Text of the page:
4 years ago

Opportunistic screening for atrial fibrillation in a real-life setting in general practice in Denmark—The Atrial Fibrillation Found On Routine Detection (AFFORD) non-interventional study

Jonas Hald, Lisbeth Holm, Dorte Wedell-Wedellsborg, Ina Qvist, Peter Bo Poulsen, Lars Dybro, Lars Frost
Atrial fibrillation (AF) is a chronic disease with an incidence increasing steeply by age and affecting more than 11 million patients in Europe and the United States. Diagnosing AF is essential for the prevention of stroke by oral anticoagulation. Opportunistic screening for AF in patients ≥65 years of age is recommended by the European and Danish Societies of Cardiology. The study aim was to examine the detection rate of AF in consecutively screened patients in the primary care setting in Denmark. In an open, non-interventional, cluster, multicenter, cross-sectional, observational study patients ≥65 years of age entering consecutively into general practice clinics were invited to nurse-assisted opportunistic screening for AF. The General Practice (GP) clinics participating were randomized to patient inclusion in three age groups: 65–74, 75–84, and ≥85 years respectively. All patients underwent pulse palpation followed by 12-led electrocardiogram in case of irregular pulse. Two cardiologists validated all electrocardiogram examinations. Forty-nine general practice clinics recruited in total 970 patients split into three age groups; 480 patients (65–74 years), 372 (75–84 years), and 118 patients ≥85 years of age. Co-morbidities increased by age with hypertension being most frequent. Eighty-seven patients (9%) were detected with an irregular pulse, representing 4.4%, 10.5% and 22.9%, respectively in the three age groups. Assessment of electrocardiograms by the GP showed suspicion of AF in 13 patients with final verification of electrocardiograms by cardiologists revealing 10 AF-patients. The highest detection rate of AF was found in the ≥85 age group (3.39%) followed by the 65–74 age group (0.83%) and the 75–84 age group (0.54%). Opportunistic screening of AF in primary care is feasible and do result in the detection of new AF-patients. Close collaboration with cardiologists is advisable to avoid false positive screening results.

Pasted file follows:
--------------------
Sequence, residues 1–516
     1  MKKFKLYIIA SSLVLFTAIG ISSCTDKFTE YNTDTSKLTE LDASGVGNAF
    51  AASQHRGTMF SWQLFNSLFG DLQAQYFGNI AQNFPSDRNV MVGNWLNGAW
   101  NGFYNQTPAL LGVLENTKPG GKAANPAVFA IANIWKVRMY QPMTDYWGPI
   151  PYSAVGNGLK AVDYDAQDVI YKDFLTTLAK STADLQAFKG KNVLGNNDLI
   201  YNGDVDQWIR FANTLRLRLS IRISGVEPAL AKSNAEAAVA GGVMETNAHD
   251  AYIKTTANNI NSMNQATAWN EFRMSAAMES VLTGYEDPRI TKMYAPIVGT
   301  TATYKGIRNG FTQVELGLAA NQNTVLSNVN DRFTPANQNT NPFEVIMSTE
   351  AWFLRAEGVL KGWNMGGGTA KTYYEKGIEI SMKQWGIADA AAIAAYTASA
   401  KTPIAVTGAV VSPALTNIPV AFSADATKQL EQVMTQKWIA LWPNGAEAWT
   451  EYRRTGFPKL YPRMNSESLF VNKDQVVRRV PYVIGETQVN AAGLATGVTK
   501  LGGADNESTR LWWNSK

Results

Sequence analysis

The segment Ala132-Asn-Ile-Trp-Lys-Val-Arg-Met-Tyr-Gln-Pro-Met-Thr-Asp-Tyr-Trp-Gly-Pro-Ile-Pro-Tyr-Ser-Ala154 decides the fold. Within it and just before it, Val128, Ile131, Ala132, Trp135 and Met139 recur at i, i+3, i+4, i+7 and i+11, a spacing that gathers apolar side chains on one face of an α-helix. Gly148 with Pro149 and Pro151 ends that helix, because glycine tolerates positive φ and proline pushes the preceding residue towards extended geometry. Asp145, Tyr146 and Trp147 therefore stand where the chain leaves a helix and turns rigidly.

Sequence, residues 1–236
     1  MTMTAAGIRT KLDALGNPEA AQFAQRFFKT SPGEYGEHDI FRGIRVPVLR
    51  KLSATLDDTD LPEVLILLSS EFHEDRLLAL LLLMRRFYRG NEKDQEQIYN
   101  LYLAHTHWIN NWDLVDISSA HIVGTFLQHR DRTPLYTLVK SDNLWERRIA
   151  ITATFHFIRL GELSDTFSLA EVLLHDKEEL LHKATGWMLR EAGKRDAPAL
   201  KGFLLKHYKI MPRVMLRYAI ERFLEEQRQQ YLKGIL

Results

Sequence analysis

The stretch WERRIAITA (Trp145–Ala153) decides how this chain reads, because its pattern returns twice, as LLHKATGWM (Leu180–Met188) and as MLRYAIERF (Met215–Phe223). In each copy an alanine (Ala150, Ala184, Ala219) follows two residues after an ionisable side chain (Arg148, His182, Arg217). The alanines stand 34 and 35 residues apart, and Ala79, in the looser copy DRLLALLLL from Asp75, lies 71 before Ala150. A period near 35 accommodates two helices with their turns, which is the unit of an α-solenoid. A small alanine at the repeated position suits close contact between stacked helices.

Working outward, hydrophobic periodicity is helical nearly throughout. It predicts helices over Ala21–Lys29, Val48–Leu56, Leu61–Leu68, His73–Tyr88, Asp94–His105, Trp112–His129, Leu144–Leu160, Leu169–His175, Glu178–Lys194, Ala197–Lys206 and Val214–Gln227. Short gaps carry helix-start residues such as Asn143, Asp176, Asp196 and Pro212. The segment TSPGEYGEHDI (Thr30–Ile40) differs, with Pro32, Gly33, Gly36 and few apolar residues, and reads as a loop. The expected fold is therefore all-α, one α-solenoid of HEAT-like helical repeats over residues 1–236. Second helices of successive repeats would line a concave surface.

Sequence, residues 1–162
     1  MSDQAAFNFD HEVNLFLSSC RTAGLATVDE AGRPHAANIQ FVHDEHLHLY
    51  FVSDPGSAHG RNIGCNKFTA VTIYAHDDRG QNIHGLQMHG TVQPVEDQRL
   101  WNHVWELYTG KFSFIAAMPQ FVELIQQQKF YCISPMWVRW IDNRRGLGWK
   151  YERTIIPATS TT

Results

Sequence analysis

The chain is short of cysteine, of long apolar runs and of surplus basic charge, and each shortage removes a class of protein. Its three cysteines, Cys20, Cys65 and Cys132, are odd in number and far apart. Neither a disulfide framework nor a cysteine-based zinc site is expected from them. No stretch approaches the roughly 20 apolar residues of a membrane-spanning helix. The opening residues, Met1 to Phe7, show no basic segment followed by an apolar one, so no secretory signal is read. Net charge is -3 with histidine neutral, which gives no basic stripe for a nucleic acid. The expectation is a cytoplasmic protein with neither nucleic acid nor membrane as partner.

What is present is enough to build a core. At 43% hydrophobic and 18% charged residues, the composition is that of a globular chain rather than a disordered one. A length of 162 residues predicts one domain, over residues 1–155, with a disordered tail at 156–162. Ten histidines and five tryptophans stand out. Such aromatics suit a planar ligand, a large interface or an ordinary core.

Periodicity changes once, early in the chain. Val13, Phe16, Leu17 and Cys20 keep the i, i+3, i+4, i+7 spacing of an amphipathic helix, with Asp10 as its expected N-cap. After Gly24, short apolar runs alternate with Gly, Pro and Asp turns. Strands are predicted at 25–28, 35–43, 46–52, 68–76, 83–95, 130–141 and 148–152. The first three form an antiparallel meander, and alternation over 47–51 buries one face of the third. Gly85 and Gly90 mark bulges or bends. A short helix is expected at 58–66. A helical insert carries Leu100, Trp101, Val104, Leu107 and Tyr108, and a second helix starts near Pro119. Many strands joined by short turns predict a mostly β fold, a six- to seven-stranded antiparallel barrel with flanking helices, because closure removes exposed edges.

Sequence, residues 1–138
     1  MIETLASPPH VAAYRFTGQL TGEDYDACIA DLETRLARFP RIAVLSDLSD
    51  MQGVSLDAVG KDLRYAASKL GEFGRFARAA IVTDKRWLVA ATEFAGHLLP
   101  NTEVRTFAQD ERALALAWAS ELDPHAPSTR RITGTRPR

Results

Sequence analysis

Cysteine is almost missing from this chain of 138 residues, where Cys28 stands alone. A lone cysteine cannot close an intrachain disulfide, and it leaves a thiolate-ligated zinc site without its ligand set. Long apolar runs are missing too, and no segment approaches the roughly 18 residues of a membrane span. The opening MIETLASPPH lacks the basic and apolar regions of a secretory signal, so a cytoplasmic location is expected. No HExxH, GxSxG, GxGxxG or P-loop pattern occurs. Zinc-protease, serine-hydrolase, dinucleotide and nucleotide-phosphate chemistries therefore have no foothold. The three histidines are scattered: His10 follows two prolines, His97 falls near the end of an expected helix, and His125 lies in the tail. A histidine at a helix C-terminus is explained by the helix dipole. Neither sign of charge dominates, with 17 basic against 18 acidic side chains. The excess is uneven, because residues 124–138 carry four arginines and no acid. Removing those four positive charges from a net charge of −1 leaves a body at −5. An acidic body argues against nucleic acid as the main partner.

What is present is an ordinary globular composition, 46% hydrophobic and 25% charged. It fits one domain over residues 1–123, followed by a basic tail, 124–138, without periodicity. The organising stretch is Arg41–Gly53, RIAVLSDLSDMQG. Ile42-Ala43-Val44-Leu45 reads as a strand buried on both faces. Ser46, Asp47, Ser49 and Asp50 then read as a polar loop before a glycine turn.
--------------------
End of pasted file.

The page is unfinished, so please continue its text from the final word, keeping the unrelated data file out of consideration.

Publisher URL: http://journals.plos.org/plosone/article

DOI: 10.1371/journal.pone.0188086

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